The traditional Japanese automotive employment plan was to hire workers at the completion of high school. By following this practice, the automotive assemblers obtained a trainable and untainted work force. There were no bad habits to unlearn. Another major consideration was to avoid any legal or quasi legal entanglements. Yet, there were approximately one thousand grievances and numerous disputed firings still backlogged at the time of the GM plant closing in 1982.
The American tradition of utilizing a large number of skilled trade and production line job classifications was abandoned and replaced with a simplified system that included the security of long-term stable employment. The collective bargaining agreement between NUMMI and the UAW provides for that security, as illustrated in the following paragraph:
The Company will take affirmative measures before laying
off any employees, including such measures as reduction
of salaries of its officers and management, assigning
previously subcontracted work to bargaining unit
employees capable of performing this work, seeking voluntary
layoffs and other cost savings measures.
The implementation of the Toyota method meant replacing confrontation and conflict with cooperation and consensus. This entailed a careful and almost painstaking development of a work environment conducive to the acceptance of the new ideas. The process included heavy emphasis on team building activities that produced both a cooperative and a moderately competitive work climate.
The success of the effort was considerable, to say the least. The next challenge facing the new organization was to extend this culture to the supplier organizations, most of which were only vaguely familiar with its underlying value system.
NUMMI AND ITS SUPPLIERS
While suppliers wanted the business from NUMMI, they were not obliged to accept the Japanese approach. Traditional relationships between suppliers and customers in Japan take on a family-type relationship. Using the term Kieretsu (the family-like relationship between buyer and seller), the Japanese characterize the relationship as a partnership in which the supplier constantly strives to increase value provided to his customer. The Kaizens (constant improvements) provided by the supplier are expected by the buyer and represent a part of the normal relationship. Cooperation and consensus have often been viewed as the cornerstones of the business operation in Japan. Both sides exhibit a natural disdain for waste, and each shares the objectives of efficiency, increased quality, and lower costs.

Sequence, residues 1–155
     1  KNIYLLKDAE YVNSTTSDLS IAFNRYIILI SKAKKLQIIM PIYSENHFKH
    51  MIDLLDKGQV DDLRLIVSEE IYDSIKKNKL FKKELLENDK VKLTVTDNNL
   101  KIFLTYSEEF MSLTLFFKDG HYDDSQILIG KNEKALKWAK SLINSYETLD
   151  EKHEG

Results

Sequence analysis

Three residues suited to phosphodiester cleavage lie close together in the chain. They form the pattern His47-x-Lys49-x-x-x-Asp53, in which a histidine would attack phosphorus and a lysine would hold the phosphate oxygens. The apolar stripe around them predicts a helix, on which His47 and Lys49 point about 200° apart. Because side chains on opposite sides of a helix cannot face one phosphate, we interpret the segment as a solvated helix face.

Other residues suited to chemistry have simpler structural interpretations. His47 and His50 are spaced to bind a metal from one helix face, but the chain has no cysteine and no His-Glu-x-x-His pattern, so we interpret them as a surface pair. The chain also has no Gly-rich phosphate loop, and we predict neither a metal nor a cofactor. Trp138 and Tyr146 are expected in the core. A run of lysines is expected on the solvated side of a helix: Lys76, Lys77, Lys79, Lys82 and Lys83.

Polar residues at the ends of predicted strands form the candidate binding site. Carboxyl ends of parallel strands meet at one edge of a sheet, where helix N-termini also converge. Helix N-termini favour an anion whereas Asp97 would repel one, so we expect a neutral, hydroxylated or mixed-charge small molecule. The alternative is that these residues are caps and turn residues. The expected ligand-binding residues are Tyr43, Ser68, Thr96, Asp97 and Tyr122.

The NUMMI operation moved into a culture that thrives on competition and views the competitive processes as a daily challenge. The Japanese are often dismayed by some of the U.S. business practices, which they perceive as wasteful. The distant relationship between buyer and supplier, for example, is a natural creator of waste. Communications must be duplicated, and often suppliers are made to absorb mistakes in forecasts or alterations of schedules. How can there be a "win-win" philosophy when one partner in the relationship absorbs the costs of the other's mistakes?
NUMMI was transplanted into a culture where the dealings with suppliers could hardly be described as harmonious. The relationships were almost always "at arms length." The constant bypassing of purchasing by sales personnel from the supplier was a common occurrence. This "back door selling" strained many buyer-supplier relationships. During periods of economic austerity, some buyers played one supplier against the other. When the economic fortunes changed, suppliers retaliated with often unjustified price increases, delivery allocations, and apathy toward customer needs. Until very recent times, these practices were rather common. Significant and lasting buyer-supplier cooperation has really only begun to gain acceptance in this country.
Finding itself in this environment, NUMMI had three possible supply options:
1. Import all parts and components and simply assemble
the end product in the United States for sale in the
2. Wait for the arrival of the next wave of Japanese parts
makers to come to the United States and do business as
3. Buy some parts and components in the U.S. market,
and assemble and sell in the United States.
Each option had its rewards and its risks. The first option was perhaps the most satisfying. Business would go on as usual. The customer was dealing with established sources of supply and the mode of operation would be basically the same. The only variables that would change from past operations would be the distance of the shipments and the lead times.
A major risk associated with this option was the possibility of being seen as the user of lower cost foreign labor. Additionally, this process of assembly could be viewed as an attempt to evade the U.S. content laws. Continued U.S. concern over its budget deficit and the imbalance in trade between the United States and Japan could have wide ranging consequences should NUMMI be viewed as an exploiter of labor. It was not in the interests of Toyota to "poison the well" by using the labor force in any type of perceived manipulative or exploitative role.